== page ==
One Million B.C. has co-directing credits for Hal Roach and Hal Roach Jr., who was stepping into his father's shoes at the company, and a good thing too. For Hal Roach Sr. was about to be drafted! Exempted from WWI as an employee at Rolin, Roach accepted a commission into the Signal Corps. during the 1920s. He had resigned shortly before the 1940s, but a clause of calling up members during an emergency saw the 50-year-old Hal Roach denied a deferment and transferred to the Signal Corps. base in Astoria where he ran the studio long distance. The studio at this time made its money mostly from renting the space, catalogue availability and the loan out of valuable properties in Patsy Kelly and William Bendix.

After the war, Hal Roach Jr. brought the studio into television production for syndication. Like his father, this Hal seemed to have a sense of where the industry was going and what the audience would accept. My Little Margie starring Gale Storm and Charles Farrell, The Stu Erwin Show, Racket Squad and Public Defender with Reed Hadley, Blondie with Arthur Lake and Pamela Britton and the horror anthology The Veil hosted by Boris Karloff are still familiar to television fans.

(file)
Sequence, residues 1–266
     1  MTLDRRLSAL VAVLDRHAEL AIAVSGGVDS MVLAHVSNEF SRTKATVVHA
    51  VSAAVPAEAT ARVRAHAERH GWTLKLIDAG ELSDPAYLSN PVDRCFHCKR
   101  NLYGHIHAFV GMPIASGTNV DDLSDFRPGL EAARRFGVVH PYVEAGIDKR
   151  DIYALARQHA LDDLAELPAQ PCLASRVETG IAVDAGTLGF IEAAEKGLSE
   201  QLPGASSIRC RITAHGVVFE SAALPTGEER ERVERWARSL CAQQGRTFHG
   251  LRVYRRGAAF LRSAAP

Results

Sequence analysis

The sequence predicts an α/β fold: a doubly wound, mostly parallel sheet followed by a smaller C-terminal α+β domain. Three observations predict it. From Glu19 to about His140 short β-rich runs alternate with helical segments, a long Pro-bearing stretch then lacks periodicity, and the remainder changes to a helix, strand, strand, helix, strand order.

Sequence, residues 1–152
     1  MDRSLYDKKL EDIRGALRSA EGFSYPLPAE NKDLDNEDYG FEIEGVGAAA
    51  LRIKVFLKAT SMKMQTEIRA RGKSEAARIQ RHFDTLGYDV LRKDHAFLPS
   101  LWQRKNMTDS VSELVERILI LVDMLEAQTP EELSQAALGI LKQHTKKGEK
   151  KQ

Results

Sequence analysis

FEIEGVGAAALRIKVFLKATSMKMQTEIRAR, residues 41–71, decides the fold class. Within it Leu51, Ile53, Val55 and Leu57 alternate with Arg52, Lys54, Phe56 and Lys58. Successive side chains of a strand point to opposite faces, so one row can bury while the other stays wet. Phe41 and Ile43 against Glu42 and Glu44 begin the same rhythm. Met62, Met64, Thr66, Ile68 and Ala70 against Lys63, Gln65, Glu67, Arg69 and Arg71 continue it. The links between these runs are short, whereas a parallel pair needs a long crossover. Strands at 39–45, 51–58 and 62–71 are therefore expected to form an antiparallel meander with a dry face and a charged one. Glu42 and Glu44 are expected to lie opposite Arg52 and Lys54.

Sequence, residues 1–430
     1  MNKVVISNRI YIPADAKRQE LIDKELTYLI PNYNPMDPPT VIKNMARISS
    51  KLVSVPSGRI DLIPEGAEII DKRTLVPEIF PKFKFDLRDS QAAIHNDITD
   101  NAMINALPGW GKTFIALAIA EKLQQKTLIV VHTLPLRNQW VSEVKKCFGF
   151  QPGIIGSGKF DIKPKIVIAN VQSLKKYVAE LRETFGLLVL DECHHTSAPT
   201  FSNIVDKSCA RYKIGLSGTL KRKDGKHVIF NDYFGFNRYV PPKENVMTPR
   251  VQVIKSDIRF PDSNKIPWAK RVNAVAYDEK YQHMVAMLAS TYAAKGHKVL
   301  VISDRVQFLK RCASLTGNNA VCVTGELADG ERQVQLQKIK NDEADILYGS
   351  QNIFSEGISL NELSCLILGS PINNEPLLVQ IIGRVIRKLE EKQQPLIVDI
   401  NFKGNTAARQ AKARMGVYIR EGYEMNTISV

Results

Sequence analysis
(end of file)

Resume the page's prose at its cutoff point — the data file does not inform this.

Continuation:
Sadly, what may have been his best program was not to be. Hal Roach Jr. had an agreement with Laurel and Hardy for a series of television specials setting the boys in a Fairy Tale environment. Unfortunately, Stan had a stroke before they went into production and after his recovery, Oliver was felled by the stroke in 1956 that left him paralyzed, and he passed in 1957.

The Roach Studio would not survive the tumultuous years of the 1950s. Bankruptcy and sale would be the sad end. In 1963 the site was demolished for a modern commercialization. However, when you stop to consider that much of the output of a studio begun in 1914 and lasting almost 50 years - thousands of reels of films - have left the world with fond memories transcending centuries, it is quite an accomplishment for the adventurer from Elmira.

Hal Roach Studios at the Oscars

1932 The Music Box
Best Short Subject, Comedy

1936 Tit for Tat
Nominated: Best Short Subject, Comedy

1936 General Spanky
Nominated:  Best Sound, Recording, Elmer Raguse

1937 Bored of Education
Nominated:  Best Short Subject, One Reel

1937 Topper
Nominated:  Best Actor in a Supporting Role, Roland Young
Nominated:  Best Sound, Recording, Elmer Raguse

Marvin Hatley

1937 Way Out West
Nominated:  Best Music, Score, Marvin Hatley

1938 Block-Heads
Nominated:  Best Music, Original Score, Marvin Hatley

1938 There Goes My Heart
Nominated:  Best Music, Scoring, Marvin Hatley

1938 Merrily We Live
Nominated:  Best Actress in a Supporting Role, Billie Burke